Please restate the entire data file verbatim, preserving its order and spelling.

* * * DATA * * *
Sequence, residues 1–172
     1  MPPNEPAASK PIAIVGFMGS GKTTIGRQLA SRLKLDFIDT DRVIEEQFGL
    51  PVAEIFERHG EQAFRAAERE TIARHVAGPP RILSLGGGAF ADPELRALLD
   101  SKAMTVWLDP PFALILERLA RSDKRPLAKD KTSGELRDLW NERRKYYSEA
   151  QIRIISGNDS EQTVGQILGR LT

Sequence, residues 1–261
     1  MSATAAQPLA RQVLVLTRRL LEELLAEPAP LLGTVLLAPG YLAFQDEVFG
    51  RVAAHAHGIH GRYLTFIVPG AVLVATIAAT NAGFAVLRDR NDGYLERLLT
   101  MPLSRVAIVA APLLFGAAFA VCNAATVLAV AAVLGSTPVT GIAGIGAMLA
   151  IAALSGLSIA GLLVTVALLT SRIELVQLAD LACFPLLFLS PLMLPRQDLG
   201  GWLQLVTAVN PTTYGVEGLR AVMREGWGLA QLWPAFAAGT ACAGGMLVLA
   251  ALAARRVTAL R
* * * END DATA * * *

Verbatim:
Sequence, residues 1–172
     1  MPPNEPAASK PIAIVGFMGS GKTTIGRQLA SRLKLDFIDT DRVIEEQFGL
    51  PVAEIFERHG EQAFRAAERE TIARHVAGPP RILSLGGGAF ADPELRALLD
   101  SKAMTVWLDP PFALILERLA RSDKRPLAKD KTSGELRDLW NERRKYYSEA
   151  QIRIISGNDS EQTVGQILGR LT

Sequence, residues 1–261
     1  MSATAAQPLA RQVLVLTRRL LEELLAEPAP LLGTVLLAPG YLAFQDEVFG
    51  RVAAHAHGIH GRYLTFIVPG AVLVATIAAT NAGFAVLRDR NDGYLERLLT
   101  MPLSRVAIVA APLLFGAAFA VCNAATVLAV AAVLGSTPVT GIAGIGAMLA
   151  IAALSGLSIA GLLVTVALLT SRIELVQLAD LACFPLLFLS PLMLPRQDLG
   201  GWLQLVTAVN PTTYGVEGLR AVMREGWGLA QLWPAFAAGT ACAGGMLVLA
   251  ALAARRVTAL R